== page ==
As Liberty Wallace, a VP at McCloud Guns, gets her drug fix from a local hotdog vendor, 'Joe' greets her on her cell phone, telling her that she is in the sight of his sniper rifle – a rifle manufactured by her company. With little choice other than to cooperate, she shackles herself to the hotdog cart, which is also rigged with a bomb that will denote when the battery of her cell runs out. Now with her complete attention, Joe reveals that he seeks revenge for the death of his daughter, who died in a school shooting, and wants to use her political connections and this incident to spark a public debate on the 2nd Amendment.
It's a bit hard viewing Liberty Stands Still in the wake of the recent sniper shootings that terrorized the D.C. area, though thankfully, they seem to have come to a conclusion with the recent arrest of several suspects. Fortunately, I had viewed the film about a month ago, via a screener DVD, and I was impressed with the film both then and now. Liberty Stands Still is a well-acted intelligent and taunt suspense drama with well-developed characters that gives the audience a real sense of what both leads are thinking, where they're coming from, and where, ultimately, they're heading. The film also poses some rather serious questions about the 2nd Amendment, such as whether it should be a right to own guns for personal use. However, the ending left me a bit unsatisfied – it works – but provides no real answers.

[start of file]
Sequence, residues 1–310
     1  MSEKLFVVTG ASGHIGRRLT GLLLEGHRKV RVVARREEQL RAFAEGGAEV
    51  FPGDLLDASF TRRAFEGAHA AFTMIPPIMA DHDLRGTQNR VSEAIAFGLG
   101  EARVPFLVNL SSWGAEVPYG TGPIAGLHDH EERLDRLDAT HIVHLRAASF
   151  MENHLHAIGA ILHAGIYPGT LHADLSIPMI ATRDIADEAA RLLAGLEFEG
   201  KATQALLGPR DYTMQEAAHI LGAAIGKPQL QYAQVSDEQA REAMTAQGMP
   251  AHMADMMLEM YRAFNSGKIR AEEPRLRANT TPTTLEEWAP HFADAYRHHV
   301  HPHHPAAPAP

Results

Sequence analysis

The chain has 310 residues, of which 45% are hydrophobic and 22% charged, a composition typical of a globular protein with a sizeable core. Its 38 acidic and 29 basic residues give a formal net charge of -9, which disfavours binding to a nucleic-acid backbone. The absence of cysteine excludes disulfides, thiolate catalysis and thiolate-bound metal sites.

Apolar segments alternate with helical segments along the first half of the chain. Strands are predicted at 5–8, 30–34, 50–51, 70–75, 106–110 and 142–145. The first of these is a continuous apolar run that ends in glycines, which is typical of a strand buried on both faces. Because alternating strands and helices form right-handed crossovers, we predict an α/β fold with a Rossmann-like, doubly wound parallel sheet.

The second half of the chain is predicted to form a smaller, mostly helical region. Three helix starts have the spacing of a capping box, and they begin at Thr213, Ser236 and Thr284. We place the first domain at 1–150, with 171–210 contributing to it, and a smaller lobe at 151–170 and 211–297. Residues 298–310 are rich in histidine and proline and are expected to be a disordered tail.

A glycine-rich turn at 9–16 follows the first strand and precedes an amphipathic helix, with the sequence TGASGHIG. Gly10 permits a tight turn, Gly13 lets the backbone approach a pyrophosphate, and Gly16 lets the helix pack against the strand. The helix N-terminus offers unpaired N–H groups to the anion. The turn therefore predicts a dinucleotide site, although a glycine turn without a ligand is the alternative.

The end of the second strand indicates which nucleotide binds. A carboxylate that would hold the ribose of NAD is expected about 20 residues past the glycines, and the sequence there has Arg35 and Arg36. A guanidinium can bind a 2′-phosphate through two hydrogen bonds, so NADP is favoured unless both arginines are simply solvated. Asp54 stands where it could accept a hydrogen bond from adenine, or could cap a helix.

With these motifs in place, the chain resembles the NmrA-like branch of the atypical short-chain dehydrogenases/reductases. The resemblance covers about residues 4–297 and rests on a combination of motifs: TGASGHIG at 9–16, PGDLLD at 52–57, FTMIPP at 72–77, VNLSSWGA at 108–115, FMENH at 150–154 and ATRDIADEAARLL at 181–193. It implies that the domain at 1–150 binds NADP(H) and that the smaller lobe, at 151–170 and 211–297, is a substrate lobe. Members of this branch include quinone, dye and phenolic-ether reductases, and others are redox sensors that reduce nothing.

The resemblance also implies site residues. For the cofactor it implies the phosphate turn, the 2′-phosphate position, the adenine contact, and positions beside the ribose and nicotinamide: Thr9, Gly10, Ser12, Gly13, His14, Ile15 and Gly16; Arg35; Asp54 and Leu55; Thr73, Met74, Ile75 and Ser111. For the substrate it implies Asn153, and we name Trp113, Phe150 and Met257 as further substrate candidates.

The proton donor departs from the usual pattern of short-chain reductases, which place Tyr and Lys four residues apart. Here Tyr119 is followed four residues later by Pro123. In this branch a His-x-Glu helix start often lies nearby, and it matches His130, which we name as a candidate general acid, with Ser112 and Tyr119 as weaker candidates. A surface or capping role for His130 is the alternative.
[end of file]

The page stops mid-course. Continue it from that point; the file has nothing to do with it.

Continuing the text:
The film is also available to play with Angle 1 or Angle 2, with the 2nd angle providing thirty minutes of alternate camera angles. Supposedly, the angles can be switched on the fly, but in randomly switching between angles during the film, I saw little if anything that was different.
Also on the disc are the film's trailer and a split screen feature showing up to four angles of a take for four different scenes. The split screen feature was also interesting, as it showed the film unmatted, though it had the aspect ratio lined off.